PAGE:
Sterling And Yen Key Movers

 |  Includes: DBV, FXA, FXB, FXE, FXS, FXY, GBB
by: Marc Chandler

Owing to conflicting impulses, the US dollar is mixed today. Sterling and the yen are the key movers and in opposite directions. The main impetus behind sterling's advance are the minutes from the BOE's MPC meeting where the dove Posen capitulated, leaving only Miles in favor extending gilt purchases and even then his vote appeared to be finely balance, suggesting he will give it up as well. This supports our expectation that when the current program is over next month that the BOE, like the ECB and Fed, will adopt a wait-and-see stance.

The less dovish minutes then propelled sterling toward, but not through the $1.60 level. Sterling sis more pronounced on the crosses. The euro fell through the GBP0.8200 level for the first time since 2010. The break has been sufficient to trigger the barriers and stops believed to have be placed there, but the momentum is stalling a bit near GBP0.8180, though near-term potential extends toward GBP0.8140.

UK employment data was also seen as a supportive developments. The unemployment rate stands at 4.9% in March, which is where the revision put the rate in Feb as well, down from 5.0%. For the record the ILO calculation puts the unemployment rate at 8.3% from 8.4%, which while above the national calculation, is still lower than most countries in the euro zone.

Jobless claims were more mild than expected, rising 3.6k not the 6.0k the consensus expected and the claims in Feb were revised to 4.5k from 7.2k. Still the slack in the labor market is evident by the earnings data, which is reported with an additional month lag. In Feb then, the average earnings rose 1.1% on a 3-month year-over-year basis, down from 1.3%.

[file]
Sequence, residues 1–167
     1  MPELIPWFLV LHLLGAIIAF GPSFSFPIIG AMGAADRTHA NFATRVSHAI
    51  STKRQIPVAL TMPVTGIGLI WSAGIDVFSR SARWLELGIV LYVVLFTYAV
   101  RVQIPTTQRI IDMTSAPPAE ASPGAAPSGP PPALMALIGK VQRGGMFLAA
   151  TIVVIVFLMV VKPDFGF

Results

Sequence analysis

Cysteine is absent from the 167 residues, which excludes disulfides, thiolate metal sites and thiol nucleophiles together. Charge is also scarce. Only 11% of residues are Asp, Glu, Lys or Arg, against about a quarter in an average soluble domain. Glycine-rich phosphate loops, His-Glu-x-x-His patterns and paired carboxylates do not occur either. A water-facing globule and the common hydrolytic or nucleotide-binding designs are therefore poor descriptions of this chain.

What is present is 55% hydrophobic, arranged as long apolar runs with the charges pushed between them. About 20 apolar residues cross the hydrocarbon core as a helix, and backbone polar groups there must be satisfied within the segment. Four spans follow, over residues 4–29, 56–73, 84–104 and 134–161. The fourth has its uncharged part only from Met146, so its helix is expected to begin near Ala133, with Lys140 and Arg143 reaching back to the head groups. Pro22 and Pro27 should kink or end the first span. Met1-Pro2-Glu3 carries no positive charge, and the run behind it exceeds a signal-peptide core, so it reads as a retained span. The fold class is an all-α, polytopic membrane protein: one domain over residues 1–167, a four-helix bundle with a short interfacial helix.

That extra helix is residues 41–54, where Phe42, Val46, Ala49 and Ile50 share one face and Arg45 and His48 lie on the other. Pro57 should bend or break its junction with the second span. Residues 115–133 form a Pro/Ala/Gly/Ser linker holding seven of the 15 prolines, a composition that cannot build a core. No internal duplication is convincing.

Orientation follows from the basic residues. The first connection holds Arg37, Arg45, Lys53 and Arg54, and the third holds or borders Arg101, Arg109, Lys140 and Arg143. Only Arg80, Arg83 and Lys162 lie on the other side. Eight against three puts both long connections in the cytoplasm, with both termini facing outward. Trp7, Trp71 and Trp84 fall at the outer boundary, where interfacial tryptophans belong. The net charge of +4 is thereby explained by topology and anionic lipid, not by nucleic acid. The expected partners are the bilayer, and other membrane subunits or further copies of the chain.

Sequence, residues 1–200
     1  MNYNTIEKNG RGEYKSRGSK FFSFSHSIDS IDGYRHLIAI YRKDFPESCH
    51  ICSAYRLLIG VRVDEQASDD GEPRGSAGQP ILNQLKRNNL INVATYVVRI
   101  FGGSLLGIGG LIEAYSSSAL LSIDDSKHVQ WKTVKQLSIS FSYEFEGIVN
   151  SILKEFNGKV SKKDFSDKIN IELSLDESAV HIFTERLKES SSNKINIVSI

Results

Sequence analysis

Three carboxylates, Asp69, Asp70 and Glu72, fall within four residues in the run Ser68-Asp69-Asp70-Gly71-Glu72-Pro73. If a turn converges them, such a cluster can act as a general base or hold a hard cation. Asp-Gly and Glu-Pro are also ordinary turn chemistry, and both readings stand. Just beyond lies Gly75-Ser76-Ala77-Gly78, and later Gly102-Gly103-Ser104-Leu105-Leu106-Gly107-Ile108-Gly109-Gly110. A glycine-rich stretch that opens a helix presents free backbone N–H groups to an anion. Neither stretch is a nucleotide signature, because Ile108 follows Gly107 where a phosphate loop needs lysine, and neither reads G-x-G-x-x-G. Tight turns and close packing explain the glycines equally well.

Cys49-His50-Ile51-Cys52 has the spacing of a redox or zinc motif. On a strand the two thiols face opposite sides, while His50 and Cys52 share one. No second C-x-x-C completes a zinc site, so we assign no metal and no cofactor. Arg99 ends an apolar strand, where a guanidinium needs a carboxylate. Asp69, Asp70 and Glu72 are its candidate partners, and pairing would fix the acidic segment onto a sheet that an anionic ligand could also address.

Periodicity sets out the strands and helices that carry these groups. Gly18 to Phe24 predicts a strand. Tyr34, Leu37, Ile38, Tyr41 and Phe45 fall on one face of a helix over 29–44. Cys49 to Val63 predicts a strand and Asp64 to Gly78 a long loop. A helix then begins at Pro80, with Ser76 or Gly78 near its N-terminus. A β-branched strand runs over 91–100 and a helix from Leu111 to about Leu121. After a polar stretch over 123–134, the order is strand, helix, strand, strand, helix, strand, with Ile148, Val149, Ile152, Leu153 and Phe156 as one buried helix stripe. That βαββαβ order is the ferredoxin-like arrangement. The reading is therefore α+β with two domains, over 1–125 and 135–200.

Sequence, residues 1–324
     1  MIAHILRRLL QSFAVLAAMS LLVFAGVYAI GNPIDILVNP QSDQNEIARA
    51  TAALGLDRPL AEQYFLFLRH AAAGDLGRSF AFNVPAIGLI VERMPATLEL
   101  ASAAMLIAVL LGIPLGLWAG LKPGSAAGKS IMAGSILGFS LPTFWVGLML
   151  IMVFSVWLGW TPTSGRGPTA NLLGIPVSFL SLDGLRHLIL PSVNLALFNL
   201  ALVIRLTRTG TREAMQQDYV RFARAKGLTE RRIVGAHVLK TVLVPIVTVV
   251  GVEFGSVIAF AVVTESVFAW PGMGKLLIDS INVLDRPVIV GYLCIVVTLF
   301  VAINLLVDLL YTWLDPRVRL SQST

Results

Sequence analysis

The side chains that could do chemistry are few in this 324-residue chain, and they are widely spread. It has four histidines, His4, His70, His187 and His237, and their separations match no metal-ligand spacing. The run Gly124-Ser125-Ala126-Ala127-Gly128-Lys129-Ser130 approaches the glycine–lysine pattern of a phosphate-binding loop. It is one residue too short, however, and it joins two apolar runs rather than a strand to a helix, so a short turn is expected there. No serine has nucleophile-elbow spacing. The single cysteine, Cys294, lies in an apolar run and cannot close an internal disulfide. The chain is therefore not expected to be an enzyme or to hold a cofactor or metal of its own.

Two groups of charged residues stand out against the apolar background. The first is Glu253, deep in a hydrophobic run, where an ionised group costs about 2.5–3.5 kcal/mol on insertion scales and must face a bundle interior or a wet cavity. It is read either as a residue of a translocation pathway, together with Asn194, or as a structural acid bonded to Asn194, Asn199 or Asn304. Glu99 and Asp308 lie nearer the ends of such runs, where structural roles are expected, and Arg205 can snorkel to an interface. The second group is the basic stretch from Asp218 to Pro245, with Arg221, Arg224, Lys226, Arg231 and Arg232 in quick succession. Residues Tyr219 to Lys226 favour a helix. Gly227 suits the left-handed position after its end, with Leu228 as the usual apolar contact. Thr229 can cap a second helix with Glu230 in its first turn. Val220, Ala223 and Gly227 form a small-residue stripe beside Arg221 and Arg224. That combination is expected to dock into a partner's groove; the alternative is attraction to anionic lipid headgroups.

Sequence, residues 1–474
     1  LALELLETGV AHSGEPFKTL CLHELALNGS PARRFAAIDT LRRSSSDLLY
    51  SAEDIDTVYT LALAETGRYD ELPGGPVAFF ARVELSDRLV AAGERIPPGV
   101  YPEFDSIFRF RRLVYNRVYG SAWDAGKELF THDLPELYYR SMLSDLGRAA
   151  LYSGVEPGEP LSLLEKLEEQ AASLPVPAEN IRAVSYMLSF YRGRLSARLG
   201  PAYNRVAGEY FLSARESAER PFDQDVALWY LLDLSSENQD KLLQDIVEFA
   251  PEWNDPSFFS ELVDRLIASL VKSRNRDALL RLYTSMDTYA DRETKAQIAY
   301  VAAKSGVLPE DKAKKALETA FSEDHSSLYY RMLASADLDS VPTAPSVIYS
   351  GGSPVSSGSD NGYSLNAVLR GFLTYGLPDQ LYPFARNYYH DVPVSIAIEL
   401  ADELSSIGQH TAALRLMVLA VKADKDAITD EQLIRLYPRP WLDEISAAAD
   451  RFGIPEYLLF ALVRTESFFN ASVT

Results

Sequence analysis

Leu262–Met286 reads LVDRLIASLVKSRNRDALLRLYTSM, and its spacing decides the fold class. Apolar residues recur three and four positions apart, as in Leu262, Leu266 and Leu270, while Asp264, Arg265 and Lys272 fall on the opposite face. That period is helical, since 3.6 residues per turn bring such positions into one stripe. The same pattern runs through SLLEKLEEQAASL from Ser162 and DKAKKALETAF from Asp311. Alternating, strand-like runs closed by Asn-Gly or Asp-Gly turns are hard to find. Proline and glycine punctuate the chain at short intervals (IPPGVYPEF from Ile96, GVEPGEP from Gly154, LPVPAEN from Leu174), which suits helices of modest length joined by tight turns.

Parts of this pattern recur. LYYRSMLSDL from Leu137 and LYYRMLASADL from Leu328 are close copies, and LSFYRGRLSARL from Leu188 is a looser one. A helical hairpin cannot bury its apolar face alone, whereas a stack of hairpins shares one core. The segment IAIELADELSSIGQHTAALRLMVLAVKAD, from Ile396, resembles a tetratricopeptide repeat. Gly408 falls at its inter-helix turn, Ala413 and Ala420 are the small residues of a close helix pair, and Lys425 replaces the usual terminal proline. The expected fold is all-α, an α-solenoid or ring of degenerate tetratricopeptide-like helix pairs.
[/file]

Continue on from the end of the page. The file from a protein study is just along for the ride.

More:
With the CPI coming in higher than expected earlier this week, stagflation may be an increasingly fair characteristic and something that needs to be sensitive to going forward.

Separately, and of little immediate consequence, HSBC announced it would launch a Chinese renminbi bond in London, the first outside of China proper (includes Hong Kong). Although the timing was unpredictable, it was generally expected that London would indeed become a key offshore center for the yuan. And so it begins.

While sterling is firm, the yen is weak. The downtrend in the dollar since mid-March against the yen has run its course with the JPY80 level holding in recent days. The recovery in equities, helped by constructive US earnings reports, a pullback in Spanish and Italian yields provide a conducive international environment for yen weakness.

At the same time, forecasts for Japan to report a trade deficit early Thursday in Tokyo coupled with anticipation of the BOJ announcing more asset purchases next week are domestic impulses that weigh on the yen. The JPY81.80-JPY82.20 is the next reasonable objective. One noteworthy aspect of yen weakness today is that it is not coinciding with strength in the dollar-bloc currencies, like the Australian dollar, which is a favorite carry and momentum play, though not today. Following yesterday's more constructive/less dovish Bank of Canada comments, the Canadian dollar continues to outperform within the dollar-bloc.

Sweden's Riksbank kept rates on hold. This is not surprising, but there were some positioned for a surprise cut, especially after softer industrial production and especially orders data. The krona has been bought against Norway, the euro and the dollar.

Disclosure: No positions